CDT co-led a letter with Public Citizen, urging the incoming District of Columbia Council not to reintroduce a 2022 Council bill that would require D.C. to implement an online voting system for all voters. The letter emphasizes that the electronic return of voted ballots has been repeatedly found by experts to be too insecure to be workable, most recently in a new report by the University of California, Berkeley.
The full text of the letter is below:
To the Members of the District of Columbia Council,
In February 2022, eight D.C. Councilmembers introduced a bill that would require the District of Columbia to implement, by 2024, a system enabling all D.C. voters to vote online. This change would harm voting rights in D.C., end the District’s ability to have secure and verifiable elections, and undermine the perception of D.C.’s ability to self-govern.
No bill that would enable online voting — specifically, the electronic return of voted ballots — should be considered until election experts agree that such a system would be both secure and reliable for D.C. voters.
Recent elections in the Australian state of New South Wales illustrate the danger of internet voting. Their iVote system was unavailable for a substantial portion of the voting period, disenfranchising thousands of voters. The outcome of potentially dozens of races was called into question; a judge ordered three races to be rerun. In response to this disastrous failure, New South Wales decided to discontinue using iVote for now.
Multiple American jurisdictions have piloted various forms of internet voting software for small groups of voters. Upon investigation by security experts, the software used in those elections has repeatedly been found to be riddled with vulnerabilities that allow attackers to alter or delete votes. Even worse, these attacks could be undetectable to the voter or to election officials administering the election.
There is a reason that universal internet voting has not been implemented in any U.S. state: The election security community is in agreement that internet voting is woefully insecure. A 2018 consensus report carried out by the National Academies of Sciences, Engineering, and Medicine concluded that the internet “should not be used for the return of marked ballots until and unless very robust guarantees of security and verifiability are developed and in place.” In May 2020, the Federal Bureau of Investigation, the Election Assistance Commission, the National Institute of Standards and Technology, and the Cybersecurity and Infrastructure Security Agency warned that electronic ballot return is “high risk,” stating that “securing the return of voted ballots via the internet while ensuring ballot integrity and maintaining voter privacy is difficult, if not impossible, at this time”.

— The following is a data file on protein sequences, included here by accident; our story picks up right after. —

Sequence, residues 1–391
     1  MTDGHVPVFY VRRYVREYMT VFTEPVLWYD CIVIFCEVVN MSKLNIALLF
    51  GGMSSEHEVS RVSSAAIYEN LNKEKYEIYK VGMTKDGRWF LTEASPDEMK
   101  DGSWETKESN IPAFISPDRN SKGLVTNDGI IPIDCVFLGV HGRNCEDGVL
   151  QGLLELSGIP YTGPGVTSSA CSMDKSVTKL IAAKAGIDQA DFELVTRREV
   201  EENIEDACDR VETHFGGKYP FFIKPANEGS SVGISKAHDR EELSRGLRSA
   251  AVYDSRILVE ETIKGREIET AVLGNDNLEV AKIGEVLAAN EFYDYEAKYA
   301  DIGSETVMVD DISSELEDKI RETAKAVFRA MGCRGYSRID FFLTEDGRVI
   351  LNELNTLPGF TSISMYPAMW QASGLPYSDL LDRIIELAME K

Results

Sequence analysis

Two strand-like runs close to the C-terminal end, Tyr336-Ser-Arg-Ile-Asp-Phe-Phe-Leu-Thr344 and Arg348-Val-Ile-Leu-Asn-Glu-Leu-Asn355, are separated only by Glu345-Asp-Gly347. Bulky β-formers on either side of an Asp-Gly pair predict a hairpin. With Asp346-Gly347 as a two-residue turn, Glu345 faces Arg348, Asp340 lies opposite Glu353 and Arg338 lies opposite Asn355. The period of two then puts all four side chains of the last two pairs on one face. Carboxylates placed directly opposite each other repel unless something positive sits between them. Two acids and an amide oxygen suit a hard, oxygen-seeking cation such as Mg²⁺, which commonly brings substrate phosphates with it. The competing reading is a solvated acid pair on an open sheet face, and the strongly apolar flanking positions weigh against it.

D.C. has experimented with internet voting before, wisely inviting security researchers to test the systems in a mock election with online voting. Within 48 hours, a University of Michigan team was able to hack the system such that they could change every recorded vote, reveal every secret ballot, access server room security cameras and login credentials, and more. Election officials did not even notice the intrusion for two business days.
If an online voting system were to be implemented and hacked, we fear that it would undermine perceptions of D.C.’s ability to self-govern.
We all believe that it should be as easy to vote as possible in the District. Many of us work to protect and expand voting rights daily. But internet voting is the wrong way to increase access.
There are other, more secure ways to improve access to voting. In fact, D.C. has already taken many laudable steps to increase access, including the Council’s passage of the Elections Modernization Amendment Act and the Local Resident Voting Rights Amendment Act . To boost voter access and turnout, D.C. might also consider, during the early voting period, bringing ballot marking devices to voters who are unable to handle paper.
The Intercept has published an article explaining the multiple issues internet voting would raise in D.C. In order to uphold voting rights for District residents, including the right to a secure and meaningful vote, we urge you not to enable internet voting until there is widespread agreement that the system is secure.
Center for Democracy & Technology
ACLU of the District of Columbia
Brennan Center for Justice
Free Speech For People
League of Women Voters DC
National Election Defense Coalition
NETWORK Lobby for Catholic Social Justice
OSET Institute, Inc.
Secure Elections Network
Sierra Club DC Chapter
United Food and Commercial Workers Local 400